How to Talk to Adults about War

Approach the mic with gravitas.

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Make the words seem profound, even
if you have nothing to say. Mention
something azure and something cerulean —
these are the colours of poetry.

Assume a passion if you have none.
Wear profundity as a cloak for insipid ideas.

Don’t mention war, unless it is the battle
between your soul and your flesh.
No one wants to hear of naked aggression
at the border. They will grow bored
hearing of children under accelerating bombs.

You must ignore the hunger of the victims,
and the wandering of the dispossessed.
You didn’t actually see the blood, after all,
and your nostrils never knew the smell
of sizzling flesh in a hospital that is now a target.

You aren’t self-important enough to assume
you have anything to impart to your audience
regarding either sudden violence or slow starvation
in a conflict concocted by megalomaniacs who regard
human lives as poker chips in an evening show of bravado.

Money is on the table, and your listeners will know,
by God, that you have had a sleepless night.

Epistemic Certainty in Times of War

In the age of the hyperreal, it is impossible to distinguish something from its copies, until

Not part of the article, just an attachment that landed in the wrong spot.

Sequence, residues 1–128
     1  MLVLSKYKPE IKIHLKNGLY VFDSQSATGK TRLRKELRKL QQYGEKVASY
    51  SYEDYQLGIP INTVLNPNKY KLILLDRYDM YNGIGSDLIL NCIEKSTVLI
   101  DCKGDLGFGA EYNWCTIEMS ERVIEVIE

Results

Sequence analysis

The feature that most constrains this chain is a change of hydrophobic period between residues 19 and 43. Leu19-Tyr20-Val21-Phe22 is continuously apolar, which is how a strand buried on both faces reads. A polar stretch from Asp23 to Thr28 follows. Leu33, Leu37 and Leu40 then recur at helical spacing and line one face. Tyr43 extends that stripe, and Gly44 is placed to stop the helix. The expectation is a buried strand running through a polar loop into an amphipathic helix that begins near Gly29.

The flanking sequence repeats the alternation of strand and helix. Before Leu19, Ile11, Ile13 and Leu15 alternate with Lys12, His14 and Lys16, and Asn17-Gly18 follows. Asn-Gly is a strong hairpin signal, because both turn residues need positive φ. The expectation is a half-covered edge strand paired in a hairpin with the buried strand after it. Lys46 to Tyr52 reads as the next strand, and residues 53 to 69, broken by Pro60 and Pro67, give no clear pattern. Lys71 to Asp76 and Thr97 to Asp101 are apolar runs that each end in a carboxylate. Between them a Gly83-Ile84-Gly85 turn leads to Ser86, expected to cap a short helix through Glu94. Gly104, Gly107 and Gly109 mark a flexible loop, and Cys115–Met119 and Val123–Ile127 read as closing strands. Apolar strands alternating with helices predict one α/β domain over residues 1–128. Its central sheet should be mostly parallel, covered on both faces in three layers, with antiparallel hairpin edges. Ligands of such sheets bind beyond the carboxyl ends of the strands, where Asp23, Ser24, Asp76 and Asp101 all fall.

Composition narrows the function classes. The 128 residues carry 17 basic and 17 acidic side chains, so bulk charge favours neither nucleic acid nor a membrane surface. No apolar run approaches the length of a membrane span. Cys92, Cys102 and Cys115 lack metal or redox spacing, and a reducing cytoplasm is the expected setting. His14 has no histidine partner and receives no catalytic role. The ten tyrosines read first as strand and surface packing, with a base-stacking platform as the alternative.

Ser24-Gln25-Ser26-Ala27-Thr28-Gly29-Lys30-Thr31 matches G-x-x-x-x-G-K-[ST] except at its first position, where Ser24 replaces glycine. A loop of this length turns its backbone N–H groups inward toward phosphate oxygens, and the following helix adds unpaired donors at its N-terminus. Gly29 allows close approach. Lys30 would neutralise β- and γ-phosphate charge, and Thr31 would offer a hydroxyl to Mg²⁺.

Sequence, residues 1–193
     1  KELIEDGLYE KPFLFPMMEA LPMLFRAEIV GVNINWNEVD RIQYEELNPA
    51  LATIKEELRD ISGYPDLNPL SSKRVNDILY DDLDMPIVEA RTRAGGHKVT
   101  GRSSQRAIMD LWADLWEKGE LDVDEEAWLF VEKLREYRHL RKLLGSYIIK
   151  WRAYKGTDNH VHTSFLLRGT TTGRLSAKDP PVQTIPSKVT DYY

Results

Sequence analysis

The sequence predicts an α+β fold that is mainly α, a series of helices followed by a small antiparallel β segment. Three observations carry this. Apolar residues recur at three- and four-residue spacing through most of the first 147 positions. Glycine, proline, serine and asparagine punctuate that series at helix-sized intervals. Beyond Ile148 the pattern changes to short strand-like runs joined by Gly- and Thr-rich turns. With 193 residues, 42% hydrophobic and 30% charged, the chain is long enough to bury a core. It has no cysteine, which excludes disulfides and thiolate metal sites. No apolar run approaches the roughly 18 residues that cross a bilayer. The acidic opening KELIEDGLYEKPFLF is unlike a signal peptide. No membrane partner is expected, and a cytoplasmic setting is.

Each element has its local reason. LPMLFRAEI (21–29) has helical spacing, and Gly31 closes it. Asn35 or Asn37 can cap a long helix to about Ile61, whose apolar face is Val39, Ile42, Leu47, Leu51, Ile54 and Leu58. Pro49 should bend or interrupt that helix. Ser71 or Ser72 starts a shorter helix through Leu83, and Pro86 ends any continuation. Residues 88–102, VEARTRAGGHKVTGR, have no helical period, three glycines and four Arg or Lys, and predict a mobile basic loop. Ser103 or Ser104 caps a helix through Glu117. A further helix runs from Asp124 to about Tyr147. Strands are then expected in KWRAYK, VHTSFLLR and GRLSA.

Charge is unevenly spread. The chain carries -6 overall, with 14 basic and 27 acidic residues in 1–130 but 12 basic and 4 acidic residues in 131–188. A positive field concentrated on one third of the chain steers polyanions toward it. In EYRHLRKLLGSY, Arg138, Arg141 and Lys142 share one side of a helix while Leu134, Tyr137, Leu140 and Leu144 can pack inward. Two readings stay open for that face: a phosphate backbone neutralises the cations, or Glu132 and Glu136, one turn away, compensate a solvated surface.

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shrapnel rips your material flesh and your own tears salt the wounds. As hunger rises and terror builds, suffering is epistemic certainty. Disinformation is in the air; but immutable conviction lives on the ground. Movie stars line up to join an imaginary battle for justice only to die or flee the bullets of confirmation.

This information has been verified by the independent flesh and bone of children dying in the rubble of hospitals and schools. Sometimes there’s a moment when you realise, when the judgment hits you like a ton of bricks, that all flags are false.

Surviving February

Surviving the shortest month should be a piece of cake.
The light begins to filter back in February,
and family falls away to a comfortable farness.
Snowdrops remind us of colour to come,
and the nights are nearly negotiable now.

Mid-February brings chocolate hearts, flowers
and artificial expressions of love,
disappointing and hollow (to be sure)
but reminders of the humanity we pretend to crave.
Connections can be ours, if we really try.

I don’t know how you managed to pull me through
January’s dark, but I’m grateful to see the smile
arriving earlier every day in morning light.
And you don’t have to hold on so long or so tight.
The terror of night is briefer, more tractable now.

A Weak Man

I don’t think he was a weak man, really. I mean, yeah, he was sensitive sometimes, but he was also into extreme sports: motocross, skateboarding, anything with wheels, you know. Maybe he was a little depressed from time to time, but that’s pretty normal, isn’t it? I think it was a little harsh of her to say he was wallowing in it. I personally, would never say depression was a “luxury,” but I guess that’s just how she saw things. Like everybody else, she had her own ideas. Maybe that’s a woman’s prerogative.